MANILA, Philippines — (Updated 12:46 p.m.) 

Malacañang on Tuesday announced the Philippines has withdrawn its application for a second aid package from US poverty reduction agency Millennium Challenge Corporation.”The decision to withdraw was because of the urgent priority of the administration to rebuild Marawi,” presidential spokesperson Harry Roque said in explanation.

So although the first compact was responsible for the implementation of the secondary road development project, the Kapit Bisig Laban sa Kahirapan-Comprehensive and Integrated Delivery of Social Services, and Revenue Administration Reform Project of the Department of Finance, it was deemed that for the time being, we will withdraw our application for the second cycle, and we will focus instead on the rebuilding of Marawi,” the presidential spokesperson said of the fund which was used in the past for infrastructure projects.

Roque also made it clear the Philippines does not object to conditions imposed by the MCC in granting aid.

“It was really just that Marawi happened, we did not expect it and it’s going to be a very costly rebuilding,” he said, adding that the Philippines hopes that the “Americans can and still contribute towards the rebuilding of Marawi in some other ways.”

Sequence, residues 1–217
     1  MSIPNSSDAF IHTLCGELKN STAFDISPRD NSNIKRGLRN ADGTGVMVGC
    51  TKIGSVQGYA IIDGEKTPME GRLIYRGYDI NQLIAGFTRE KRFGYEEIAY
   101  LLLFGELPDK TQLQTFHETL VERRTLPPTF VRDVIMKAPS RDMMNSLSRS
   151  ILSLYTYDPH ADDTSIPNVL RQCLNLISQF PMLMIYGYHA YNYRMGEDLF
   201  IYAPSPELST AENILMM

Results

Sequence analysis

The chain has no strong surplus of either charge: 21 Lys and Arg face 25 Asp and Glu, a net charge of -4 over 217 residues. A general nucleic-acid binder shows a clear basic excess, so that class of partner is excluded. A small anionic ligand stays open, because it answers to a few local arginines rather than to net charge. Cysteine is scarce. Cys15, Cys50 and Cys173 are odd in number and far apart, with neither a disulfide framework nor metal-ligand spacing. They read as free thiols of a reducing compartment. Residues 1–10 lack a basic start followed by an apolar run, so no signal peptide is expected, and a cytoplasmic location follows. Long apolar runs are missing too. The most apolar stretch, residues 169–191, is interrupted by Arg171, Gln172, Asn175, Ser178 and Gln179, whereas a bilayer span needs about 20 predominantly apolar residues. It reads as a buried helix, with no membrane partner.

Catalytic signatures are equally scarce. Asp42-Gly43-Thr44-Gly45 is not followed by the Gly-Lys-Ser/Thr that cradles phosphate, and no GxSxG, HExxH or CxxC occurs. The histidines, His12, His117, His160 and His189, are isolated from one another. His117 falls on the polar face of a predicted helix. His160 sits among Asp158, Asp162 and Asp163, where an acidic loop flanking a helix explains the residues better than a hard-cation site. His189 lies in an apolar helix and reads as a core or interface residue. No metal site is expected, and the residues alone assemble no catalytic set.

‘Conditional aid’

The Duterte administration has repeatedly said that it will no longer accept grants and aid that have conditions that the government would consider a violation of sovereignty. This was prompted by concerns from abroad over alleged human rights violations in the war on drugs.

“It is the policy to all countries. If you’re going to give us conditionalities that will affect our sovereignty to give you the right to interfere into our domestic affairs, we will not accept that donation,” Foreign Affairs Secretary Alan Peter Cayetano said in October.

“Now questions, will the people not suffer? No, because you can give it directly to the people. So for example, the US, they use the international organizations, even EU gives some of the money to the International Red Cross,” he also said.

In August, Ernesto Abella, presidential spokesperson at the time, said the inclusion of the Philippines in a list of countries that may receive a grant from MCC was welcome but stressed that any assistance should be aligned with President Rodrigo Duterte’s agenda.

“This is a recognition of the efforts of the Duterte administration – through its ten-point socioeconomic agenda – to continue and maintain macroeconomic policies while investing in human capital development in health and educational systems and improving social protection programs to protect the poor,” Abella said then.